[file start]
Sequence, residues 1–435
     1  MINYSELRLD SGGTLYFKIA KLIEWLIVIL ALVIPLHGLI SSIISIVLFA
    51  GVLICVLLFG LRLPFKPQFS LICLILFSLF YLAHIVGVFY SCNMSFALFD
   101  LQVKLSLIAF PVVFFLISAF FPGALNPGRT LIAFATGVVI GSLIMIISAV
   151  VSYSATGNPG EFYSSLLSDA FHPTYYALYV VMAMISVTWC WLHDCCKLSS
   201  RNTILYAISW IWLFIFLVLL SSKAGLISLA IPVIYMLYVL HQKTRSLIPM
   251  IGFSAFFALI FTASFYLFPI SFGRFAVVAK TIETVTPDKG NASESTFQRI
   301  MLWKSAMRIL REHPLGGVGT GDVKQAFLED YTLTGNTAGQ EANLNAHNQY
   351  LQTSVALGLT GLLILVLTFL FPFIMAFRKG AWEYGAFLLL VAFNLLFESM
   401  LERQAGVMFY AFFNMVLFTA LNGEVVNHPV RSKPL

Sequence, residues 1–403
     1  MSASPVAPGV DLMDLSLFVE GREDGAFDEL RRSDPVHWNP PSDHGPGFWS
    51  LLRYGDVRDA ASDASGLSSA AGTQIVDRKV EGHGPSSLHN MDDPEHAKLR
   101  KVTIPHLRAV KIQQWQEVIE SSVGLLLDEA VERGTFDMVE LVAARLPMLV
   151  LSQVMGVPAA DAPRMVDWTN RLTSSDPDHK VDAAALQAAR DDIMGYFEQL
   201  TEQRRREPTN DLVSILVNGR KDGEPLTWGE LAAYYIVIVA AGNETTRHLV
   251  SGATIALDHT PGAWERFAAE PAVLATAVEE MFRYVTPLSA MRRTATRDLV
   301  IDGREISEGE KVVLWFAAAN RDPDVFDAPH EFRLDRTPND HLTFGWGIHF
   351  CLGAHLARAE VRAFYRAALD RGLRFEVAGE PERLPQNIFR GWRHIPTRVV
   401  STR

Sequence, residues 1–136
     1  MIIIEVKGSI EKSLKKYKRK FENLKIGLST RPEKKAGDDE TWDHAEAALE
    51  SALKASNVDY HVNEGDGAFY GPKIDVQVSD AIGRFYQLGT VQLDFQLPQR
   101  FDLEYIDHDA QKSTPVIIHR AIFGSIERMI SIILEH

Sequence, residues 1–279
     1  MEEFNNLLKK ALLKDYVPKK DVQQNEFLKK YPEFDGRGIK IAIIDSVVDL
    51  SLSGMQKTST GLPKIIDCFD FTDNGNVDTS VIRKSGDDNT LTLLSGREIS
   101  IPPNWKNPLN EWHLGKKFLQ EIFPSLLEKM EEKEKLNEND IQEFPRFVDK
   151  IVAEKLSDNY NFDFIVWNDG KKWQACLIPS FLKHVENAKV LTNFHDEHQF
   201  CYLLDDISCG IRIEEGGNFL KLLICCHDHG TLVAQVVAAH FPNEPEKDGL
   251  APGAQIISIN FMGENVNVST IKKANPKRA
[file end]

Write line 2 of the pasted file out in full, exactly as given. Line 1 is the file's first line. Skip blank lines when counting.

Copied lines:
     1  MINYSELRLD SGGTLYFKIA KLIEWLIVIL ALVIPLHGLI SSIISIVLFA